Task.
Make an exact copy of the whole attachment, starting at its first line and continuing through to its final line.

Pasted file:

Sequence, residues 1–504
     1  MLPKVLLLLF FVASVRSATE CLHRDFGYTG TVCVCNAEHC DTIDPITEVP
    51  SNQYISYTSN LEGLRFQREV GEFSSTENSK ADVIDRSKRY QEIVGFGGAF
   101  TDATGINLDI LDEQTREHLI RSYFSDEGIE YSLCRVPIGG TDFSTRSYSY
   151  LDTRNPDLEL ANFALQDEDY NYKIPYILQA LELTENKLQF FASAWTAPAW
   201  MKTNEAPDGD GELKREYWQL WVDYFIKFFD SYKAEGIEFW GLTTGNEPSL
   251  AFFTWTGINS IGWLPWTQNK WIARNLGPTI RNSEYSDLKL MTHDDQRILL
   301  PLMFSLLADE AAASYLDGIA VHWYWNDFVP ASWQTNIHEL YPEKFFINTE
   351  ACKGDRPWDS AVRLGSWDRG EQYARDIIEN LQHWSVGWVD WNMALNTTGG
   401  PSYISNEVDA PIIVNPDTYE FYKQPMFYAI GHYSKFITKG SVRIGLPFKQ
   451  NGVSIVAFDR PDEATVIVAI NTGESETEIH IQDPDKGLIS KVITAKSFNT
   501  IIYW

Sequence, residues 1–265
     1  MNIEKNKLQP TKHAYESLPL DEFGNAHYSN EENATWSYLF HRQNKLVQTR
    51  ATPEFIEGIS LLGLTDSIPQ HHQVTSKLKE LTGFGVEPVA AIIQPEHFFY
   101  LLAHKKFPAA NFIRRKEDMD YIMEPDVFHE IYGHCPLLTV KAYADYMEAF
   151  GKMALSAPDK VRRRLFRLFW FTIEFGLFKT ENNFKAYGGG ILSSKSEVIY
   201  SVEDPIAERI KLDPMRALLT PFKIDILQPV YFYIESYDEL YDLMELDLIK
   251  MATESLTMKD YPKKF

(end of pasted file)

Sequence, residues 1–504
     1  MLPKVLLLLF FVASVRSATE CLHRDFGYTG TVCVCNAEHC DTIDPITEVP
    51  SNQYISYTSN LEGLRFQREV GEFSSTENSK ADVIDRSKRY QEIVGFGGAF
   101  TDATGINLDI LDEQTREHLI RSYFSDEGIE YSLCRVPIGG TDFSTRSYSY
   151  LDTRNPDLEL ANFALQDEDY NYKIPYILQA LELTENKLQF FASAWTAPAW
   201  MKTNEAPDGD GELKREYWQL WVDYFIKFFD SYKAEGIEFW GLTTGNEPSL
   251  AFFTWTGINS IGWLPWTQNK WIARNLGPTI RNSEYSDLKL MTHDDQRILL
   301  PLMFSLLADE AAASYLDGIA VHWYWNDFVP ASWQTNIHEL YPEKFFINTE
   351  ACKGDRPWDS AVRLGSWDRG EQYARDIIEN LQHWSVGWVD WNMALNTTGG
   401  PSYISNEVDA PIIVNPDTYE FYKQPMFYAI GHYSKFITKG SVRIGLPFKQ
   451  NGVSIVAFDR PDEATVIVAI NTGESETEIH IQDPDKGLIS KVITAKSFNT
   501  IIYW

Sequence, residues 1–265
     1  MNIEKNKLQP TKHAYESLPL DEFGNAHYSN EENATWSYLF HRQNKLVQTR
    51  ATPEFIEGIS LLGLTDSIPQ HHQVTSKLKE LTGFGVEPVA AIIQPEHFFY
   101  LLAHKKFPAA NFIRRKEDMD YIMEPDVFHE IYGHCPLLTV KAYADYMEAF
   151  GKMALSAPDK VRRRLFRLFW FTIEFGLFKT ENNFKAYGGG ILSSKSEVIY
   201  SVEDPIAERI KLDPMRALLT PFKIDILQPV YFYIESYDEL YDLMELDLIK
   251  MATESLTMKD YPKKF